It's that peek we're after, that little glimpse at another's life. Then we can feel connected to them because we like some of the same things they do. I think the reasons to share recipes are much the same.
Sunday, February 13, 2011
It was a beautiful day today, so I let myself have a few hours off this afternoon. I drove down to Quivira National Wildlife Refuge to look around. There was still ice and snow on the water, but the roads were all clear.
It was good to feel the sunshine.
I'll have to pay for those hours away from my freelance projects by giving up some sleep this coming week, but it was nice to be outside and away from the computer for a little while.
I will be so happy to have all my medical bills paid and not have to work every waking moment. But, I'm very lucky to have a job I enjoy and freelance work that comes my way regularly. And I'm healthy. So, all in all a very lucky girl!
I couldn't resist a shot of the moon in the bright blue sky.
Saturday, February 12, 2011
But today, today was one of those amazing times when I knew people around me were being affected in ways they will remember - in ways that change who they are and what they're about.
We had a big event today to celebrate the opening of a special exhibit about Snoopy's involvement with NASA. When I learned we were getting this exhibit the first thought I had was to contact cartoonist Richard Crowson and ask him to do a presentation. He was incredibly generous in agreeing to do so.
This afternoon he spoke to a crowd of about 60 people, demonstrating cartooning techniques and talking about his own experiences with drawing. The crowd was mostly families, and I was amazed at what great artists some of these kids were. There was one young man who has already started drawing his own comic strip.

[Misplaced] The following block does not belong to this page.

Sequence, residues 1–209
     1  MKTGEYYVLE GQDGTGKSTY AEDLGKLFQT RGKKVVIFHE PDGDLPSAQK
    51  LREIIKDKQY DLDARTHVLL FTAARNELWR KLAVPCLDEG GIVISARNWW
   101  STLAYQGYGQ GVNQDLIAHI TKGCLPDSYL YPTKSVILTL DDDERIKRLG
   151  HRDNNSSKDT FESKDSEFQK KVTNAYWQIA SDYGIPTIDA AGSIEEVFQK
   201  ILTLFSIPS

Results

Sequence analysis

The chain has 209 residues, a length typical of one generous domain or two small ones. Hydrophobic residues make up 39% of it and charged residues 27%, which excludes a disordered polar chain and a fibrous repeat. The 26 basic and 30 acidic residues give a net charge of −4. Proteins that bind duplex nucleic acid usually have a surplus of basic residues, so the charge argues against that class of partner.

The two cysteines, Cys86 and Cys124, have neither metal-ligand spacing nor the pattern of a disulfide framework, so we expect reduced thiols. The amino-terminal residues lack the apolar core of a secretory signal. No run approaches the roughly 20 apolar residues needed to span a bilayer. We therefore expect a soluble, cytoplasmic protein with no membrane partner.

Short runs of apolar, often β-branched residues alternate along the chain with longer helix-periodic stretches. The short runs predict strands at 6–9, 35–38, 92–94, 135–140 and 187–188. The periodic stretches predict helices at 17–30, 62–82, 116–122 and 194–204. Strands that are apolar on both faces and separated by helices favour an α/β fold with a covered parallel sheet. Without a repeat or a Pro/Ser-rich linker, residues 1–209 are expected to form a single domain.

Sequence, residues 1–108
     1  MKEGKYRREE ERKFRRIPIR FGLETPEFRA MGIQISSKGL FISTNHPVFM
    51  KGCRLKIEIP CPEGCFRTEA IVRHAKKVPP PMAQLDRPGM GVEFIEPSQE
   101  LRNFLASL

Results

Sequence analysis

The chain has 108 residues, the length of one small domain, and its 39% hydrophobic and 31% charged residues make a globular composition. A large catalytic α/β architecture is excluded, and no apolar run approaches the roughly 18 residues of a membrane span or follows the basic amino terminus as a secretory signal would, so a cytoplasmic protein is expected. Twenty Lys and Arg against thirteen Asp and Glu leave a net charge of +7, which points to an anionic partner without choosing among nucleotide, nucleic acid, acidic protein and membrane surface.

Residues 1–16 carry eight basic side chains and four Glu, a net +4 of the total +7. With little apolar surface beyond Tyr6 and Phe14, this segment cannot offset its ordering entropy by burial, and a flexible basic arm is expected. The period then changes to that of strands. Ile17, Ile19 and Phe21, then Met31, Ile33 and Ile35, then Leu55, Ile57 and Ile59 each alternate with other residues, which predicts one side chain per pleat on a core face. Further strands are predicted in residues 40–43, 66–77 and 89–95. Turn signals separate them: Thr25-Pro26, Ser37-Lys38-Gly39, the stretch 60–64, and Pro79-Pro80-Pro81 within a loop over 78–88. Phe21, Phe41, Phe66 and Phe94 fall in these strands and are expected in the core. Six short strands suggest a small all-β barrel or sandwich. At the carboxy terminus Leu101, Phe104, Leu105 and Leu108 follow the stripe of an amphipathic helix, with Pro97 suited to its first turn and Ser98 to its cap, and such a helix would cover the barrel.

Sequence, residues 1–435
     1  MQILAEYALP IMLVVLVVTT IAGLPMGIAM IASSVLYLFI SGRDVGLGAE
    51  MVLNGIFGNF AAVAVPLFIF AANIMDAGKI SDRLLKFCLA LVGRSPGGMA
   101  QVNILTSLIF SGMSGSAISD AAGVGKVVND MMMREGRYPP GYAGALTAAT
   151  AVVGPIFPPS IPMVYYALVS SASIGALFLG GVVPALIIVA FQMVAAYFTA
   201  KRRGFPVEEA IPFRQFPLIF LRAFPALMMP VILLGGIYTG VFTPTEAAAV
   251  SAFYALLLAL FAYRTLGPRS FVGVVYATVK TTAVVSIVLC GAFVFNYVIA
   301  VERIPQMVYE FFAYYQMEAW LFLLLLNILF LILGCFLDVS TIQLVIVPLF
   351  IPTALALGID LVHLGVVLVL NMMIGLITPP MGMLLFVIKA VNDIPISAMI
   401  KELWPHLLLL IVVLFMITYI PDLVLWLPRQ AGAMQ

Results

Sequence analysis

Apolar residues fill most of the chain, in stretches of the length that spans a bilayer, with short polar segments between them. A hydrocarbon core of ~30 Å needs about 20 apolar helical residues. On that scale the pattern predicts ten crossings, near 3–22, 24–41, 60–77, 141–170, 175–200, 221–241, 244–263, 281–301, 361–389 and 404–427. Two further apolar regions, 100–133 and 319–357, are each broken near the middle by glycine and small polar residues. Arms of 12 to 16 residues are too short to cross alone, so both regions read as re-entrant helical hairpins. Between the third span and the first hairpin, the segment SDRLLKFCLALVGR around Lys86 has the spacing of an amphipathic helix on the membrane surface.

I've seen more than a few speakers, and I've never seen one better than Richard Crowson. He was perfect. Absolutely perfect. He talked to the kids at their level of understanding but made it fascinating for the adults at the same time. He played banjo, he drew, he talked about the 150th anniversary of Kansas, he engaged the audience, he taught, he encouraged, and he listened.
And, in the midst of it, as if it were the most ordinary thing in the world to do on a beautiful Saturday afternoon in February, he changed people.
Not everyone, of course. Some people won't give today a second thought. But others will remember it as an hour in which their lives were changed. A turning point. A moment. Years from now some of those kids will be telling people about being at the Cosmosphere and Richard Crowson teaching them how to draw. They'll remember him looking at what they drew with kind eyes and speaking about it with kind words.
And I will remember it, too, because it's a privilege to bear witness to such a moment.
Thanks to Greg Holmes for the photo.
Friday, February 11, 2011
Obviously, this is only a first step, and much remains to be seen. But what an amazing first step.
Revolution never comes easily. And we must not forget that lives were lost during this one. People are willing to die for Freedom. Amazing that such a nebulous concept could exact such a concrete price.
Thursday, February 10, 2011
At various times I have been the life of the party, but I have to tell you, it's exhausting. It requires a whole lot of energy to put yourself in that situation and to maintain your standing in that circle.
There's a reason party girls travel in packs. There's an unspoken rule that you bolster each other so you all get a break at one point or another. But, there's another inevitable unspoken rule that if you don't carry your weight you'll be thrown under the bus.
I've been the girl with the band - I've even been the girl in the band - and it can be lots of fun, but it's always tinged with the idea of what's next. What people conveniently never mention to those who wish they were with the band, is that it wears a person out. You always have to be "on." There's a reason lots of people in that lifestyle end up in rehab - they needed some help to be "on" all the time.
Different versions of this play out on large and small stages all the time - from middle school math classes to movie premieres, and everything in between. You see it on Twitter and you see it around the water cooler at work. (Well, if one has a water cooler - substitute whatever the modern equivalent of that is.)
Gathering into groups is something we seem to do by instinct. Yes, it's true, cliques are a natural phenomenon. Unfortunately, it also seems natural for us to always be looking at one we're not included in as desirable. Why don't they like us? Why don't they include us? Why don't they see the error of their ways in leaving us out? The reality is probably far more distressing - they probably haven't given us a thought - so there's no reason they would consider including us.